eCureMe logo
  eCureMe home eCureMe log In Sign Up!
eCureMe Life : Your Healthy Living. Click Here!
Welcome, medical contents search April 26, 2013
       eCureMe Life
       Medical Supplies
       Calorie Count
       Physician Search
       Message Board
      E-mail Doctor
      E-mail Veterinarian
      Health-O-Matic Meter
      Calorie Count
      Natural Medicine
      Vitamins & Minerals
      Alternative Living
      My Health Chart
      Diseases & Treatments
      Atlas of Diseases
      Sexually Transmitted
Generic Viagra
      Drug Information
      Illegal Drugs
      Lab & Diagnostic Tests
      Internal Medicine
      Women’s Health
      Eye Disorders
      Skin Disorders
      Mental Health
      Resource Links
      Physician Directory
      Dentist Directory
      Hospital Directory

Neurocardiogenic Syncope

more about Neurocardiogenic Syncope

Vasovagal syncope, Simple Faint, or Vasodepressor Syncope

  • Vasovagal syncope, the most common cause of fainting, occurs in otherwise healthy people.  It can affect people of all ages, but is particularly common in young women.  It is also known as Neurocardiogenic Syncope or Vasodepressor Syncope.  As these terms suggest, the cause is low heart rate or blood pressure, leading to inadequate circulation to the brain.  This results in fainting, or loss of consciousness (i.e., syncope).

  • Vasovagal syncope almost always happens when the patient is standing.  It is a much less common occurrence when lying down or sitting.
  • Usually the first signs are nausea, paleness, sweatiness, rapid heart rate, dizziness, or tightness in the throat.  This can last anywhere from a few seconds to a few minutes.
  • Fainting usually follows directly.  This too may last a few seconds to a few minutes.
  • After fainting, patients usually appear flushed, and their heart rate may be slow.
  • Rarely, if not allowed to lie down, patients may die, but this is extremely rare.

  • Vasovagal syncope most often happens to people in stressful or painful situations that causes them Anxiety, for example, when having blood drawn or receiving an injection.
  • Some people may faint when they urinate or strain to pass stool.
  • In patients with overly sensitive nervous systems, straining and stress causes blood to pool in their legs.  As a result, blood pressure may drop, reducing circulation to the brain. In others, their heart rate slows, sending insufficient blood to the brain, causing fainting.

  • Past medical history and thorough examination by the doctor determine diagnosis.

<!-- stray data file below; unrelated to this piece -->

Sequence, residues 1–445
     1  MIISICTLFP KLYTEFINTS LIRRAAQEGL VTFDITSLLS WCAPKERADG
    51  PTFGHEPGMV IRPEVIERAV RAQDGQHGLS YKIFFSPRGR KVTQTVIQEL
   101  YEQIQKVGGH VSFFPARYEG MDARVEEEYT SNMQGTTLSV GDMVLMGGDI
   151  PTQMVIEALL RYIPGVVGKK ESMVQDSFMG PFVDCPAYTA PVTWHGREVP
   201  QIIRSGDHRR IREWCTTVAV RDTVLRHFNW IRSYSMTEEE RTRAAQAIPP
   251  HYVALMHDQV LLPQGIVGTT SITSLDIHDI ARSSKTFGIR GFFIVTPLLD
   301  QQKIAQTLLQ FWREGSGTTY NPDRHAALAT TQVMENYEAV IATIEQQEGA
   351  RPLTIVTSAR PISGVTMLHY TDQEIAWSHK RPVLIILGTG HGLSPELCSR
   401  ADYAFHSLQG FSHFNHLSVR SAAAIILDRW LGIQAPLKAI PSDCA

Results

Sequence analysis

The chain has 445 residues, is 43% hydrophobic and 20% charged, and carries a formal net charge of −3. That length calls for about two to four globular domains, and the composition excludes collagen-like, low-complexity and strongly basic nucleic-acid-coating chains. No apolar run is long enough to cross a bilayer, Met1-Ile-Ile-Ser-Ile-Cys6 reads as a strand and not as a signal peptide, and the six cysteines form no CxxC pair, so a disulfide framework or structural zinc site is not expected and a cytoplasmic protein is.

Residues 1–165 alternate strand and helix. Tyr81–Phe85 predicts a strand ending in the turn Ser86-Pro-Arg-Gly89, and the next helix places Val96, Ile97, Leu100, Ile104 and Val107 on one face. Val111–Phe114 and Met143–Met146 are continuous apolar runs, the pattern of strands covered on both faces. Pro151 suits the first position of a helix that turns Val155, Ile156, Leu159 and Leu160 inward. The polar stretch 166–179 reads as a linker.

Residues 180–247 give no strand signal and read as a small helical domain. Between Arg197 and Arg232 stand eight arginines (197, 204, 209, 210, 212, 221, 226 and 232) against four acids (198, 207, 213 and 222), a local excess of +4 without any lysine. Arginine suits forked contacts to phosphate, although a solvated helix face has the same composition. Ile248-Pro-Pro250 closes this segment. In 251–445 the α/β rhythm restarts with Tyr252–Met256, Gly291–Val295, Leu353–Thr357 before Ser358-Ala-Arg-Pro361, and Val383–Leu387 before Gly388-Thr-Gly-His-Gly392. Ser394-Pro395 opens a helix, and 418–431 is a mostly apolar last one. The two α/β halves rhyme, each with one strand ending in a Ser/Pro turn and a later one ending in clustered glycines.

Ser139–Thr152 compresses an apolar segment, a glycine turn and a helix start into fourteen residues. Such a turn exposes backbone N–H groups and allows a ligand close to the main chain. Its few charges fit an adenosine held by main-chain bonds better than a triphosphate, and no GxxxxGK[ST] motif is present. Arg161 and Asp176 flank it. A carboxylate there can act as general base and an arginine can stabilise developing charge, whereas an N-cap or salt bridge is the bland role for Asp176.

• It is important to rule out other reasons for the fainting episode(s).
  • In tilt-table testing, the patient lies down on a table that is tilted upright to observe drops in their heart rate or blood pressure.  This test is very effective in identifying patients with very sensitive nervous systems.
  • In carotid sinus massage, an individual's carotid artery (in the neck) is massaged while being monitored by the doctor to observe any fainting response.

  • Anyone experiencing the symptoms of fainting should lie down immediately, with their legs elevated.  They should be given plenty of room and air.  If possible, whatever provoked the stress or Anxiety should be stopped.
  • They should remain lying down until complete recovery.
  • As stated above, fainters may die if kept upright and not allowed to lie down.  However, this is very rare.
  • In people with frequent or disabling symptoms, treatment with beta-blockers (such as Metoprolol or Atenolol) may help.  Other medicines that can be used include Scopolamine, Disopyramide, or Theophylline.
  • Some patients may need to be on a high salt diet or wear compression stockings.
  • For people with frequent episodes of fainting caused by Slow Heart Rate, they may need a pacemaker.
  • Vasovagal syncope is usually not a very serious problem and is usually very easily treated.  If care is taken, repeat episodes may be avoided.

  • Anyone with a history of fainting when receiving injections or having blood drawn should lie down before the procedure.  They should try not to look at the needle, and their legs should be kept elevated if possible.

more about Neurocardiogenic Syncope

If you want your friend to read or know about this article, Click here

medical contents search

Home   |   About Us   |   Contact Us   |   Employment Ad   |   Help

Terms and Conditions under which this service is provided to you. Read our Privacy Policy.
Copyright © 2002 - 2003 eCureMe, Inc All right reserved.